Exploring the intergenerational links of UK sound system culture.
London DJ and producer Shy One's earliest musical memory was her mother playing a mixtape from drum & bass DJs Storm & Kemistry. The track that stood out most was "Burial" by an artist named Leviticus. It was originally released when she was three years old, but over two decades later, she happened to identify the producer as the crucial jungle DJ/producer Jumpin Jack Frost. He just so happened to be friends with her father Trevor Nelson and godfather Jazzy B, two towering figures of UK dance music that proved to be a guiding influence on the young Frost.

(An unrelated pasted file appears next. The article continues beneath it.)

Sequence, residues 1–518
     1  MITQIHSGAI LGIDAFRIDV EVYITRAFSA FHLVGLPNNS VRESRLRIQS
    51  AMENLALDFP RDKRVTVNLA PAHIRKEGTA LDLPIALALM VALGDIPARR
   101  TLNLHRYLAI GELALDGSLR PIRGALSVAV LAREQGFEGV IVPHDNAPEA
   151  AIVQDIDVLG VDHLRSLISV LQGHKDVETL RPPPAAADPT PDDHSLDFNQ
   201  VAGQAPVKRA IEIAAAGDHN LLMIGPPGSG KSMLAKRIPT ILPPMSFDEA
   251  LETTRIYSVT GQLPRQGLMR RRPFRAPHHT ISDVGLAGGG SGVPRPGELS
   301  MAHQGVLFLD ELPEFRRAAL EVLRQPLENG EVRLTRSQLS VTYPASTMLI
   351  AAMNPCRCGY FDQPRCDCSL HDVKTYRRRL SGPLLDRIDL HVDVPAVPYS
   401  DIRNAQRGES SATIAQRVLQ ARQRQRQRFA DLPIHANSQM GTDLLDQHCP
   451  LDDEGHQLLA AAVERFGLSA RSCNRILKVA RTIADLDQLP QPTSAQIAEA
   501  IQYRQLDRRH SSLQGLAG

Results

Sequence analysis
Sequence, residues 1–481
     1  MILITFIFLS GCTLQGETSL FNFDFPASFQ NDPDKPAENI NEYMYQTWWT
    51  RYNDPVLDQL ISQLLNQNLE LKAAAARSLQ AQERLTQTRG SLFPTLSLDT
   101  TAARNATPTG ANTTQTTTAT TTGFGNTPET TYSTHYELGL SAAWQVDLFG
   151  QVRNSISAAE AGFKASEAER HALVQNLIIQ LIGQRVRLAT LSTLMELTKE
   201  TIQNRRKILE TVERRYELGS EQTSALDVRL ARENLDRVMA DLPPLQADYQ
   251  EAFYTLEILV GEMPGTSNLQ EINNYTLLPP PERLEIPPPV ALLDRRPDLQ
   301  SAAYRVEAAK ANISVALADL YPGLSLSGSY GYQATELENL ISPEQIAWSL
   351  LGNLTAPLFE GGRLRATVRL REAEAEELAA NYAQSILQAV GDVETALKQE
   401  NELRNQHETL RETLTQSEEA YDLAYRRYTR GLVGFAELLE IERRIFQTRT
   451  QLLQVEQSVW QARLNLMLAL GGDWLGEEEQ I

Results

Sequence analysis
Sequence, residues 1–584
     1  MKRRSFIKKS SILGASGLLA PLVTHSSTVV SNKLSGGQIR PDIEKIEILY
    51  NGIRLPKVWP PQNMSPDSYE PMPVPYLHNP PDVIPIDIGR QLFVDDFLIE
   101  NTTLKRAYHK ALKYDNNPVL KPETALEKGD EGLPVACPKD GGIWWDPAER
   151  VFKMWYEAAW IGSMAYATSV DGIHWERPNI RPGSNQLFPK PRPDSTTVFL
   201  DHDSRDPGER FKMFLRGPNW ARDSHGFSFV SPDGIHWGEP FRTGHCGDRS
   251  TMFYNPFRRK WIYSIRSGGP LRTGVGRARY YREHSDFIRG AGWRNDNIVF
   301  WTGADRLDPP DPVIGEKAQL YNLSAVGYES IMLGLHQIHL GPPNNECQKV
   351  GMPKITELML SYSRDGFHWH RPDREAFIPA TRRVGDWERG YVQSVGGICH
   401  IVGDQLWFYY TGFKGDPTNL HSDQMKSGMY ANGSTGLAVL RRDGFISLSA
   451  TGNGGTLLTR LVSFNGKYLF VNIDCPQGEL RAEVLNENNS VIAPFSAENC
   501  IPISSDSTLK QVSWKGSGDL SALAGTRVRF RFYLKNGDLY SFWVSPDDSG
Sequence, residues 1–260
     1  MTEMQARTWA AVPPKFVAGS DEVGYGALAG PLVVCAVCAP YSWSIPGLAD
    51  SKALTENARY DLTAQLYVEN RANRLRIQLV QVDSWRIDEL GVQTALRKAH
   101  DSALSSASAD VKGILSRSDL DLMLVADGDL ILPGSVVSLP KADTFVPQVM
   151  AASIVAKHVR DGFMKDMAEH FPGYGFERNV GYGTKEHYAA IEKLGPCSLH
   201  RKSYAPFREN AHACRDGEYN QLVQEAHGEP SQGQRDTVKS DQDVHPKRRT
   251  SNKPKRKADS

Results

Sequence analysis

It's an uncanny example of the intergenerational webs marking the history of UK sound system culture. These connections and sound system culture's greater impact on the UK are explored in the new book Bass, Mids, Tops: An Oral History Of Sound System Culture. For the Exchange this week, the books' author Joe Muggs brought Frost and Shy One together for a conversation that elaborates on the book's themes and provides personal perspectives on the community connections powering sound system culture.
Photo credit: Birgit Kaulfuss